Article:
But it remains difficult to put theory and practice together in a way that gets students over the hurdle. Expecting it to happen in a semester seems pretty foolish. At best, I can leave students armed with a way of thinking about writing and a handful of tools to solve “writing-related problems” that may come their way. Ultimately, how much transfer happens is up to students.

I think the hurdle for transfer is higher than I previously believed, though in hindsight, I’m not sure why I would’ve believed it wasn’t all that high.

Tressie McMillian Cottom offers a perfect illustration of this in writing at her own domain about what it took to move from completing a dissertation to writing her extremely well received general interest book, Lower Ed: The Troubling Rise of For-Profit Colleges.

As she notes, “Dissertations are their own genre.” They are, for sure, not books meant for general audiences. After completing her dissertation, she was left with the question, “How to write a book from all this data I had.” In her own words, “The first draft didn’t go well.”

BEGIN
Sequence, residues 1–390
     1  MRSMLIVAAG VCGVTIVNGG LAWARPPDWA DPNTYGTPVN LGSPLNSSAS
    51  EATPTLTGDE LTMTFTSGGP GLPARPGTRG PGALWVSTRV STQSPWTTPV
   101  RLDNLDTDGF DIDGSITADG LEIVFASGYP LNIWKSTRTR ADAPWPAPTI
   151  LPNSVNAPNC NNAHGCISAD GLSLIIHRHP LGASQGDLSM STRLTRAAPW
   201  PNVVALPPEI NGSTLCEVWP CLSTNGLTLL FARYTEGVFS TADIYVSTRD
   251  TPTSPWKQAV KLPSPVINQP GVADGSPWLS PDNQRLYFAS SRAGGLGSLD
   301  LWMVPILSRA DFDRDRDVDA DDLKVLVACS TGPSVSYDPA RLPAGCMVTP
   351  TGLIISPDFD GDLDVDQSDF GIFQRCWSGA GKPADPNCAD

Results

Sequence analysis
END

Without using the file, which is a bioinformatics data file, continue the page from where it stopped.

The second didn’t either and she decided to delay the book by a year in an effort to “forget everything I knew about the topic.”

The remainder of the post discusses the specifics of the way she solved the problem of her book and I recommend it for those who have read Lower Ed, particularly those who are working on books of their own. It’s an example of how books get pieced together, each one a custom job reflective of its subject and its author. I wouldn’t say there’s a universal lesson in Prof. Cottom’s method, other than as a reminder that something that seems not possible can suddenly seem possible when even just a small part of the solution presents itself.